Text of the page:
It has been suggested(Though I am an idiot and did not note down the citation…) that the palace may have been arranged in this manner so as to face China, and thus to show the kingdom’s deference and admiration for the greatness of Ming civilization. However, within the traditional Chinese architectural schema, the emperor sits at north and looks ”down” upon his people, his realm, to his south. Thus, this arrangement would seem to have the King of Ryûkyû sitting in the east and looking ”down” upon not only his people, but also ”down” towards China, which is clearly not the intention. On the other hand, east is traditionally a more elite direction than west within the Chinese Imperial Palace, so situating the king in the east, facing west, makes some sense. I wonder what can be said for the fact that, by facing west, the king is, yes, looking upon his people insofar as he is facing the courtyard filled with officials, and beyond it, Kumemura and Naha, but, actually most of the people and land of his realm would be behind him, and to the left and right (north, and south). Maybe that’s irrelevant. No symbol can do everything.

The Seiden of Shuri castle, as it looks today, with the photographer (myself) facing south, and the Seiden facing west.

I wonder if perhaps this is connected to the distinctly Ryukyuan notions of the king as Tedako (太陽の子, son of the Sun), in contrast to the Chinese Emperor, who is the Son of Heaven (天子), but not necessarily associated with the Sun. The Japanese Emperor is also fashioned as descended from the Sun Goddess, but while he still sits in the north and faces south in the Chinese manner, that doesn’t mean the Ryukyuan king has to do the same. Yingkit Chan, in his brilliant 2010 MA thesis, in fact emphasizes that while Ryukyu is generally seen as having been heavily Sinicized, in truth, the Ryukyu court showed considerable agency in incorporating its adoption of Chinese elements into a court culture which remained distinctly Ryukyuan in many important ways. This would certainly seem to be one of them. In Ryukyu, unlike in China or Japan, there is also an association of the east with Nirai Kanai, the mythical home of the gods across the sea.

I have by no means “read up” on this issue – just read whatever I happen to have already been reading this week anyway, and sort of writing “stream of thought.” Who knows, maybe I’ll come across something in my further readings which actually explains it. In the meantime, what do you think? Any ideas? Have you maybe come across anything explaining the reasoning behind this?

Both Shuri photos my own, taken 18 Sept 2014.

The 14th century graves of Shimazu Ujihisa (center), his daughter (left), and wife (right), at the Shimazu clan cemetery at Fukushô-ji, in Kagoshima.

Almost done with exams. So close I can smell it.

If you’ve been to Japan (or even if you haven’t), you’ve probably seen stone grave markers like this one. If you’re a nerd like me, you might have wondered something about them. What does the shape symbolize? How long ago did the Japanese start using them? How has the shape, or other aspects of their use, change over time? Despite the ubiquity of these grave markers – you can find them in just about every cemetery in Japan – and their distinctive aesthetic / sculptural form, in my experience, textbooks and classes on Japanese art and architecture typically skip over grave practices entirely. I have never yet been to China or Korea, but I am told that Japanese grave markers and burial practices otherwise are rather distinct from those on the continent… so you would think it would be something worth talking about.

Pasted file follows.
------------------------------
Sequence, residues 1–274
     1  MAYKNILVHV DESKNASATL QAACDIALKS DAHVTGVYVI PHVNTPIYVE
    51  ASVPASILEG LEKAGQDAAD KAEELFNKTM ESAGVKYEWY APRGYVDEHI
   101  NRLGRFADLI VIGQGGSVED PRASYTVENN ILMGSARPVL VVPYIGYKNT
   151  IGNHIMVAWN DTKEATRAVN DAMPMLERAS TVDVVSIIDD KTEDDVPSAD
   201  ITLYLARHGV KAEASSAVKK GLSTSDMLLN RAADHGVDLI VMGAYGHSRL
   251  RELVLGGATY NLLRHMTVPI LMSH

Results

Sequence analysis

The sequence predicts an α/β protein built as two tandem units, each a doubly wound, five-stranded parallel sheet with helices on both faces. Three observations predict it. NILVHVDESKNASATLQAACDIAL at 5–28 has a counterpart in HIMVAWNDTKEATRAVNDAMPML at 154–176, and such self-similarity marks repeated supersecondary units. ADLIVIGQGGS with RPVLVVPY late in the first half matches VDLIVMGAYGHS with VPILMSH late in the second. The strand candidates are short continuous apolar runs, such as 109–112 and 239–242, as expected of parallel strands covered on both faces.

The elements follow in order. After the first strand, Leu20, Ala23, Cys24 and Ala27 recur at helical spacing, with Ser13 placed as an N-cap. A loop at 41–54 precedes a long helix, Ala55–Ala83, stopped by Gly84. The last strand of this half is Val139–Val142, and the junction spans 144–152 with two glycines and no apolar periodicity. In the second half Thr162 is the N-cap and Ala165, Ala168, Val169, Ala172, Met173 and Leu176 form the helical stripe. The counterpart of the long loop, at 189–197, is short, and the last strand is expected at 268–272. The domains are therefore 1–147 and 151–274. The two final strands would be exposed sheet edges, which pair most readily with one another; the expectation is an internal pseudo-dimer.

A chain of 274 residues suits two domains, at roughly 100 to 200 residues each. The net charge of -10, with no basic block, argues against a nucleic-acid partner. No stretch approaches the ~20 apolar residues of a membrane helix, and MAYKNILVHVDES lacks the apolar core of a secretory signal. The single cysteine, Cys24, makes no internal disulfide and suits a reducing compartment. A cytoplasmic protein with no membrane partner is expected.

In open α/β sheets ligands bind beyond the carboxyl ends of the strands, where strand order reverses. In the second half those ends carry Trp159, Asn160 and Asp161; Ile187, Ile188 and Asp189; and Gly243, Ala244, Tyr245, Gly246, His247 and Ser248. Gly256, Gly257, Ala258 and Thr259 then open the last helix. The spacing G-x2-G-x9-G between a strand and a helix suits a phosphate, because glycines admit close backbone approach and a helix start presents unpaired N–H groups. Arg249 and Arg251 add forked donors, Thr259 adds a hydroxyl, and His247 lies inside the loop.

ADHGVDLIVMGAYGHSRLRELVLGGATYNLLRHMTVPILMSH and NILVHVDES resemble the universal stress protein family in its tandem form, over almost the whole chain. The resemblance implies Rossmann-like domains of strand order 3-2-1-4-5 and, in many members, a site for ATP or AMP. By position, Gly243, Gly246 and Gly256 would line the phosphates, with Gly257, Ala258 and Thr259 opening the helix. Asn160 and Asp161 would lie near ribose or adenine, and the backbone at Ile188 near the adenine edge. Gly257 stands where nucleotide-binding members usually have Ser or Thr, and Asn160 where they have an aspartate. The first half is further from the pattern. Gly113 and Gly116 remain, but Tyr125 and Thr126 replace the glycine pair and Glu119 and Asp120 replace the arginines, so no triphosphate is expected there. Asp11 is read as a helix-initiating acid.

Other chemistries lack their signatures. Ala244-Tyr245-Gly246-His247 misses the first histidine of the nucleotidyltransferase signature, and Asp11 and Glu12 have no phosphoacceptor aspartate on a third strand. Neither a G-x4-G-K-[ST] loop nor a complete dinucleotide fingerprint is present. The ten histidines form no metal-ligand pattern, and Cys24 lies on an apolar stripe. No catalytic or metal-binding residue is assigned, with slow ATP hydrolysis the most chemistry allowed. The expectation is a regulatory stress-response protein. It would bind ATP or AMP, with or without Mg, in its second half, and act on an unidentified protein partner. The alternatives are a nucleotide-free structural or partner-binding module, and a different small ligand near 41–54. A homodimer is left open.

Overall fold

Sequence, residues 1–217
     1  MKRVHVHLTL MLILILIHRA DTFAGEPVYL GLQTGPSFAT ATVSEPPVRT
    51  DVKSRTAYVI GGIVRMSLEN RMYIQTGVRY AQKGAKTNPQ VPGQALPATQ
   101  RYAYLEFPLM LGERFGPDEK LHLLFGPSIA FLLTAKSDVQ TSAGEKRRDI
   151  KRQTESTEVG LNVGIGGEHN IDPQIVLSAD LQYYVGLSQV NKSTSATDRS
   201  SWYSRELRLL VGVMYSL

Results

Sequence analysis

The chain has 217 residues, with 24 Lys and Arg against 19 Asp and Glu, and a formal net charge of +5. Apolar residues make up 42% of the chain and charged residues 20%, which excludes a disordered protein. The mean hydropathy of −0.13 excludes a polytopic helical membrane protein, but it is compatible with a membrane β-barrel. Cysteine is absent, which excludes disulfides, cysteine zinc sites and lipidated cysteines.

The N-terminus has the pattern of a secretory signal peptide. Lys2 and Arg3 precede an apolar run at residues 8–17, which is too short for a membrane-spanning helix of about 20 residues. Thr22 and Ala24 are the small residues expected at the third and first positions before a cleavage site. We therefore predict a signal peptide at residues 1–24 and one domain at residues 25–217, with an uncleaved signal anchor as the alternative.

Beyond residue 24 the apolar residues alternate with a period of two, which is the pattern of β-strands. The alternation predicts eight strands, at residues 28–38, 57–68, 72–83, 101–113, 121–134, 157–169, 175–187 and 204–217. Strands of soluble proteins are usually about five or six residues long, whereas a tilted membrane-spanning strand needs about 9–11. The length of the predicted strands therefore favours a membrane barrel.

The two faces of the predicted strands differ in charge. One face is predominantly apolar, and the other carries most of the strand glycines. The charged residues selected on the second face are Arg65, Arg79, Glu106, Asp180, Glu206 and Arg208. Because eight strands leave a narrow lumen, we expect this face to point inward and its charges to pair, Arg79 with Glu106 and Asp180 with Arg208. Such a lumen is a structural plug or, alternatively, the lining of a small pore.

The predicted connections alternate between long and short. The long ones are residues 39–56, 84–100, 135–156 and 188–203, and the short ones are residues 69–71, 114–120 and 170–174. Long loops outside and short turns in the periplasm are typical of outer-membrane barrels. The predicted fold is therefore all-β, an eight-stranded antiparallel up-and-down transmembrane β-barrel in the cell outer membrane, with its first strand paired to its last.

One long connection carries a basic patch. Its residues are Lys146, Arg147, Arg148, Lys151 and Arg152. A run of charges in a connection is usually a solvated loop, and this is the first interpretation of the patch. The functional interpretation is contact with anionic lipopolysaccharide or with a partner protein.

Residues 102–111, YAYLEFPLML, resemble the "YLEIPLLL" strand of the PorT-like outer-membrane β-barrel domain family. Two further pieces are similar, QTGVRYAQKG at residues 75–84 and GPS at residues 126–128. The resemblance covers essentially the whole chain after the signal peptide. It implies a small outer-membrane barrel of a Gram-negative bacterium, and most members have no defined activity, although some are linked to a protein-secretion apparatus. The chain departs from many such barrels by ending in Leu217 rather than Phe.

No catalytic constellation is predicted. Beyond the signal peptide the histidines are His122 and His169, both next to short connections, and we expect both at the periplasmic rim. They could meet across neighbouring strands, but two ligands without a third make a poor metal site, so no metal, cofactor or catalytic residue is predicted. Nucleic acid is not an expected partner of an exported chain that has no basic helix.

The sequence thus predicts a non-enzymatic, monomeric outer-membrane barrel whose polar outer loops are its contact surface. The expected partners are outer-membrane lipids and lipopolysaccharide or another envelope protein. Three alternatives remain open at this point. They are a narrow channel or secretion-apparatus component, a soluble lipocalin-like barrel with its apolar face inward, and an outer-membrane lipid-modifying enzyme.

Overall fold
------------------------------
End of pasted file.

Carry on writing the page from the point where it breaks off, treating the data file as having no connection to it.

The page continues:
One of the few things I did hear about these five-stage gorintô structures previously was that they are meant to represent the five elements. But, I’d always been confused as to which set of elements these were supposed to represent; if the five Chinese elements are wood, metal, fire, earth, and water, then how/why would this Japanese form feature such associations with earth, water, fire, wind, and void? Turns out the latter are the Indian five elements, adopted more directly into Japan from Sanskritic/Buddhist origins than the natively Chinese (Confucian? Taoist?) wǔ xíng. The form is also used as a tool for meditation, the five stages representing five portions of the human body, or of Dainichi (the Universal Buddha), associated with the elements. The folded legs are earth; the hara (abdomen/stomach) is water; the chest fire; the head air; and above that, void.

Fortunately, Prof. Hank Glassman of Haverford College gave a fascinating talk on the subject recently. As he explained, as recently as the Heian period, visiting graves was not a widespread custom, and graves generally were not even marked. Eiga monogatari, from the early 12th century, is among the earliest literary works describing a visit to a grave, yet here it is still limited to the top echelons of the elites, and the grave remains unmarked. A member of the Fujiwara clan seeks to visit his father’s grave, to tell of his promotions in title/post to his father, but worries he won’t be able to find the unmarked grave, which is also overgrown with weeds, since the custom of maintaining or cleaning graves was also not widespread yet; Glassman suggests the practice of maintaining, marking, and visiting graves may have become more standard in Japan along with the introduction of the Neo-Confucian teachings of Zhu Xi, which would have emphasized filial piety – obligations to one’s parents, and ancestors.